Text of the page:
- Mansfield, MA, USA

problem #5

Apr 232013

X5 6-cyl

  • 189,000 miles


The contact owns a 2003 BMW X5. The contact stated that while driving 60 mph, the vehicle stalled. The contact was able to get the vehicle to their home and had a mechanic look at the vehicle. The mechanic stated that the drive shaft and transfer case had chipped. The failure mileage and current mileages were 189,000. Updated 06/12/13

- Covington, GA, USA

problem #4

Jan 192010


  • 60,000 miles
Oil separator froze causing high pressure and blown seals. Initial cost about $1100 to repair. Dealer states this "happens all the time" to X5's in cold weather. Temp was in the single digits. In January 2013 oil separator froze two more times;however, this time damaging the engine - cost over $5000 to repair - basically totaling the car. With about 15 minutes of research, this appears to be a common and known issue on BMW X5 3.0, 4.4 and 4.8 engines from 2001 to 2008... looks like the parts were redesigned in 2009. Looks like a simple preventive maintenance routine and insulated oil lines would have prevented the "catastrophic engine failure" and dangerous condition of tailpipe fire, or being stranded in zero degree weather (which seems to be a condition required for the failure). Owner of car is the original owner, with all maintenance being done at local BMW dealerships including major services at 60K and 90K so there appears there is no "preventive maintenance" included in either of these major service milestones for the known oil separator defect. A recall on this defect to install the small amount of parts to prevent "catastrophic engines failure" and dangerous conditions "being stranded in single digit weather" seems like a logical choice... or at least changing major service milestones to add preventive maintenance so the probability of the failure can be reduced.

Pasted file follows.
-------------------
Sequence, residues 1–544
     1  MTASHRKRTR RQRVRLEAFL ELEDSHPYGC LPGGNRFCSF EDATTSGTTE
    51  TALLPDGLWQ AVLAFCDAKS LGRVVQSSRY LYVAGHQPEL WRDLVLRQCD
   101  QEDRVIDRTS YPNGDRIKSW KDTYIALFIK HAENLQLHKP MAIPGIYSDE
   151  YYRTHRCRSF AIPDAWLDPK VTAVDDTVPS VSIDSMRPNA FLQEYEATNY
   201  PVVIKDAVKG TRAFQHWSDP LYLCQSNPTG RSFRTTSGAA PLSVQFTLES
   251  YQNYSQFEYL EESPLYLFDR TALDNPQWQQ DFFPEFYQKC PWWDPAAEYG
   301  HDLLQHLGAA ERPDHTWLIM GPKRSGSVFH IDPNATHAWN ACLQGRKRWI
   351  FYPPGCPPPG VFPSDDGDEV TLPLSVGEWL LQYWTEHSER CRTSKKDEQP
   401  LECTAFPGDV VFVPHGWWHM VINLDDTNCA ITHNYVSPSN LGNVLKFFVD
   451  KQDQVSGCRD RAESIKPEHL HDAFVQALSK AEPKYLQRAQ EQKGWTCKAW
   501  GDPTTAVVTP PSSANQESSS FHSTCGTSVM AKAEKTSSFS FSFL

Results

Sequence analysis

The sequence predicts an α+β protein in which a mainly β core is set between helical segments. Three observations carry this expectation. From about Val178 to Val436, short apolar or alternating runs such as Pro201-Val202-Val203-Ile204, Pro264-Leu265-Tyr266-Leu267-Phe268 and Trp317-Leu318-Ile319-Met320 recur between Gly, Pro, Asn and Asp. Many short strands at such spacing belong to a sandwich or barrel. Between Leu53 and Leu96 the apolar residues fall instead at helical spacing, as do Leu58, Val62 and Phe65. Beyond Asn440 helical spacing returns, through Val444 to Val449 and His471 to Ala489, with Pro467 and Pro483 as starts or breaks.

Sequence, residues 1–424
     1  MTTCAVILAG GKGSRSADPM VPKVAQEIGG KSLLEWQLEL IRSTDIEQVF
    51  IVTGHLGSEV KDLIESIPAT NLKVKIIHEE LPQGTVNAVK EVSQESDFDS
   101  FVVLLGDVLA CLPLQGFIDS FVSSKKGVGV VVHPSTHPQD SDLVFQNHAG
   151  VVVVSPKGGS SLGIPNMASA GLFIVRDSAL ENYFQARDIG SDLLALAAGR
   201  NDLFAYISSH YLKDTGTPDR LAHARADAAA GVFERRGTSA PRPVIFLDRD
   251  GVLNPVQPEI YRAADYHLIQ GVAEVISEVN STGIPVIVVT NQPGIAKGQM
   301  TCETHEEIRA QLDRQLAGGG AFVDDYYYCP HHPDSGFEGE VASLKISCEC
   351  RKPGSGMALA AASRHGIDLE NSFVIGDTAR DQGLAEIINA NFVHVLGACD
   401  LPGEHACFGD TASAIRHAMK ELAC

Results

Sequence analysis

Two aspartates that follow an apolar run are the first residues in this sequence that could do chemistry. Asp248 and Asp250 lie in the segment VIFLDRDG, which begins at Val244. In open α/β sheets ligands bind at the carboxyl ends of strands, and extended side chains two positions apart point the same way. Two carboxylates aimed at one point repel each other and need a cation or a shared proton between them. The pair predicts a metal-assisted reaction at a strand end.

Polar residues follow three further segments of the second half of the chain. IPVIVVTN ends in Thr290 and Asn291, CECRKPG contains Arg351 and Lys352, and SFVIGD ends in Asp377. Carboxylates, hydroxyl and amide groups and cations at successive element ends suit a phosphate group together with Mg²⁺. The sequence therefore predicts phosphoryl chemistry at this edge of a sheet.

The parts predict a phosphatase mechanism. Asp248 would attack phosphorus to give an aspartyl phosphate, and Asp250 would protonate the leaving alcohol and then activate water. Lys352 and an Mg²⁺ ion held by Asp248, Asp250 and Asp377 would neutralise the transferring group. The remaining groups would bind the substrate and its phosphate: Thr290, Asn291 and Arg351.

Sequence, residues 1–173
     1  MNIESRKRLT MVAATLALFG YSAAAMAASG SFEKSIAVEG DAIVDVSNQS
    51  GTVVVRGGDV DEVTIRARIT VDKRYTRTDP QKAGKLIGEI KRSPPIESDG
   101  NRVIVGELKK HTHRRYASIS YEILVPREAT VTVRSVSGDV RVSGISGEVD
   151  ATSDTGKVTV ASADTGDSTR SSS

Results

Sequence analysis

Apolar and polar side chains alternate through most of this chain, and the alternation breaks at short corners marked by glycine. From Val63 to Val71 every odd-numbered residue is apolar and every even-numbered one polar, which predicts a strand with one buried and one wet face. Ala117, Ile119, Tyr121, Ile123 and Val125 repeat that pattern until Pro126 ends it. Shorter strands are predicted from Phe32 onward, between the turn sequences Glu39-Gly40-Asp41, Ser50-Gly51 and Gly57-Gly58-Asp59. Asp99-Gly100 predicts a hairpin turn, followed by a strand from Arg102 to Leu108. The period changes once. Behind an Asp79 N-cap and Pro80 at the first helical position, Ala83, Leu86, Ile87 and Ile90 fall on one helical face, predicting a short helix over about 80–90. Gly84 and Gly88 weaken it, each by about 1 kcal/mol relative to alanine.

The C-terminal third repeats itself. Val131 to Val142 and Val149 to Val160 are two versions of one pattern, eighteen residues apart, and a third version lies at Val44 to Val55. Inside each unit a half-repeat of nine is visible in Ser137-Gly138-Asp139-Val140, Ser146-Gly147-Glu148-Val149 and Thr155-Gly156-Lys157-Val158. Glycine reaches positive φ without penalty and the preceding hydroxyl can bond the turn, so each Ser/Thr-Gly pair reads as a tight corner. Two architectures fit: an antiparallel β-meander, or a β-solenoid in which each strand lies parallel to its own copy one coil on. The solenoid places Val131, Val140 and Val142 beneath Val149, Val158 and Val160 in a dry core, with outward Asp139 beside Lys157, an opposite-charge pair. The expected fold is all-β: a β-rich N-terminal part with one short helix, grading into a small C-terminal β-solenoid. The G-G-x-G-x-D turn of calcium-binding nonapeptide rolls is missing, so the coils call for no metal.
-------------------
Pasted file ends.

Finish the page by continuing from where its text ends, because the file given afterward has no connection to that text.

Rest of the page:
- Falmouth, ME, USA

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problem #3

Mar 032011


  • 70,513 miles
I own a 2003 BMW X5 4.6is my transmission has gone completely out with only 70000 miles. I have done a lot of research. I'm not the only one with this problem. I have read in forums that other 2002-2003 4.6is owners had transmission trans failures. I believe the transmission is defective on this vehicle. There is no reason that a 75K vehicles transmission should not last under 100K miles.

- Willowbrook, IL, USA

problem #2

Jun 062012

X5 6-cyl

  • 136,000 miles
Driving on highway at approximately 60 mph, felt as if something fell off or came loose and vehicle began to slow down in middle on traffic and would not accelerate when gas pedal was pushed, which could have caused anyone to crash the back of me. Luckily I was able to get to the shoulder and stop. Very tragic, this could have been fatal. I was told there was a recall but my vehicle came from the wrong manufacturer. Very unfair :-(

- Clinton, MD, USA

problem #1

Jul 132008


  • miles
The contact owns a 2003 BMW X5. While the contact was driving 50 mph he noticed a clicking sound coming from the front of the vehicle. When the contact attempted to accelerate the RPM's would rise but the vehicle would not move. The contact did not notice any differences in the vehicle beforehand and was not in a crash due to the failure. The vehicle was towed to the dealer where the contact was informed that the transmission and the differential failed. The VIN is unavailable. The current and failure mileages were 48000.

- San Diego, CA, USA